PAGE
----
Also this isn’t just a “women’s issue” since  many victims of abortion are also male.  Is it because they have a Y chromosome and penis that they lack rights?  Or is it because they have those things that their rights are inferior to the mother’s?  And what about human rights?  We live in an era where desire to help others is at its highest.  See an African mother holding her child dying from starvation?  What an injustice!  Let’s start an NGO to feed those people.  Hear that a close friend has been diagnosed with HIV?  Volunteer time and resources to find a cure.  See someone acting out of prejudice toward someone with a mental disability, different race, or sexual orientation?  Better launch a public and social media protest.  In all these things, our culture wants to help other human beings.  Any form of violence or oppression is looked down upon with disgust and revulsion.  Except when it comes to those who are unborn.  There is no question that abortions kill humans, yet we as a society seem perfectly fine of developing ideologies to dismiss any guilt we should have.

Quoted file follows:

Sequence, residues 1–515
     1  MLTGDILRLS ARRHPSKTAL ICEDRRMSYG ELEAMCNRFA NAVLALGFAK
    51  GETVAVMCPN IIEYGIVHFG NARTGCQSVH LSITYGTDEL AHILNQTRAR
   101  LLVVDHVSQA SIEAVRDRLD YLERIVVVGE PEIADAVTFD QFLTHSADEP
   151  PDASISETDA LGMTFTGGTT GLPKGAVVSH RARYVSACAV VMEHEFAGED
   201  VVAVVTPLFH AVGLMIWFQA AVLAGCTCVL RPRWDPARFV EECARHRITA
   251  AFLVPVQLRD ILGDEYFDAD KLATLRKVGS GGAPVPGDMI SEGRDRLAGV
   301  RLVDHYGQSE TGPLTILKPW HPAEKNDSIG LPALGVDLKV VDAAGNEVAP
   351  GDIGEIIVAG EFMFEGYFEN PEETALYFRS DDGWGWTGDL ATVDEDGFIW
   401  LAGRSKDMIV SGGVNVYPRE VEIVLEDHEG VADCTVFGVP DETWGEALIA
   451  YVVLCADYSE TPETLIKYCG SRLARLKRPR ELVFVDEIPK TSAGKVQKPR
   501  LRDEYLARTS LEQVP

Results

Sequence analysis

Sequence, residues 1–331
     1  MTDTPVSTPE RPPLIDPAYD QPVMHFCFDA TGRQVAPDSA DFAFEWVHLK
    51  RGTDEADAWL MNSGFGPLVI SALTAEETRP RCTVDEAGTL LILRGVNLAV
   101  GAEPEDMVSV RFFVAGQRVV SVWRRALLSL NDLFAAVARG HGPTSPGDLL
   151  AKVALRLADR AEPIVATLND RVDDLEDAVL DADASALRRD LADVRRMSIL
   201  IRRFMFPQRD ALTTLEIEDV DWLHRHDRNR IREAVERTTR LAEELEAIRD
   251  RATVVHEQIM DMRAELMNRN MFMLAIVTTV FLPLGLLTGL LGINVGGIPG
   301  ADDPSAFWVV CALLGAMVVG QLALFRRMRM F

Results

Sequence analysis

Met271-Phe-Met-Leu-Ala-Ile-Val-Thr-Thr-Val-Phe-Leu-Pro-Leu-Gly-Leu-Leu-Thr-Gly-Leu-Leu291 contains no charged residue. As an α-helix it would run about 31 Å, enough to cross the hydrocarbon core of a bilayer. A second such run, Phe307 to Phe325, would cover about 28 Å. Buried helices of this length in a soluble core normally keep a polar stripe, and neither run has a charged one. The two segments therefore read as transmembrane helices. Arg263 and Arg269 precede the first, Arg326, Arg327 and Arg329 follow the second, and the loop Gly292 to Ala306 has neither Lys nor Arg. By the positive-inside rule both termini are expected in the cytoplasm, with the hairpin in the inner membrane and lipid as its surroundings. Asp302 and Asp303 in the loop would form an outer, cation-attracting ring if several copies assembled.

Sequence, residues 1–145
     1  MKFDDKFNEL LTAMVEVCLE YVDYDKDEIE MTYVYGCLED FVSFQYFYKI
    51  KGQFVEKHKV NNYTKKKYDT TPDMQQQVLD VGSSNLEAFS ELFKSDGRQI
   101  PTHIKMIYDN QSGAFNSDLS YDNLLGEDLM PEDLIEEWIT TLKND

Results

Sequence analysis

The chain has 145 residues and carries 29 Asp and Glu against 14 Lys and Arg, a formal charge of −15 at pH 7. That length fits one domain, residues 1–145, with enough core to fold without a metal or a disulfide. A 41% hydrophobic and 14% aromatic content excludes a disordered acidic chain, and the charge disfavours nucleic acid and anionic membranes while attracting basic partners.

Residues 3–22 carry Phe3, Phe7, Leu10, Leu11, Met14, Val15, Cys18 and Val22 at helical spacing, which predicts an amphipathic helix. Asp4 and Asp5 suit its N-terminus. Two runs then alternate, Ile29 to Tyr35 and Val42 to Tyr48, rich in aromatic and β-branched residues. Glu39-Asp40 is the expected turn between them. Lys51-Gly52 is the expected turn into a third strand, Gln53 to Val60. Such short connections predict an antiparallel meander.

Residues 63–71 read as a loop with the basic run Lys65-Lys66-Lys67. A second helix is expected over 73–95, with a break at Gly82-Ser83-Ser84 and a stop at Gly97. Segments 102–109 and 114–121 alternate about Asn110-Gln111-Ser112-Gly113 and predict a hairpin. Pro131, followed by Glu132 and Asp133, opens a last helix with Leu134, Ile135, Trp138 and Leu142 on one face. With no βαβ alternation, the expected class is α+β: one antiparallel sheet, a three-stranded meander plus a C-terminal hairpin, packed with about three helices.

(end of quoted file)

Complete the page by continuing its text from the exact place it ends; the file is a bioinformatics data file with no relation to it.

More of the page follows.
Indeed, we create “freedoms” to mask our true motive: convenience.  It is convenient for loser boyfriends and fathers if the woman involved simply aborts the product of their supposed “love-making.”  It is convenient for “strong, independent” women to sacrifice the life of another for a social life with a great career.  It is convenient for us if we didn’t have to fund research to make pregnancy complications the thing of the past.  It is convenient to let a child perish for the sins of the father.  It is convenient if we as a society let this dirty secret occur in a women’s health clinic, and do absolutely nothing about it.
So what can we do?  What should we be doing?
First, we need to show love to the mothers who did have abortions.  Pope Francis recently requested that Roman Catholic bishops and priests grant them absolution.  I don’t know if this is a conspiracy to overturn conservative values within the Catholic Church, but I do know that none are without sin.  And none are beyond the power of God to heal.  We cannot reverse the current course of death in our culture by antagonizing these women.  Yes, they did cooperate in a horrible act.  But for the sake of restoring our humanity, I am willing to let them simply live with their actions and be loved as human beings of value than ostracized with no hope of a second chance.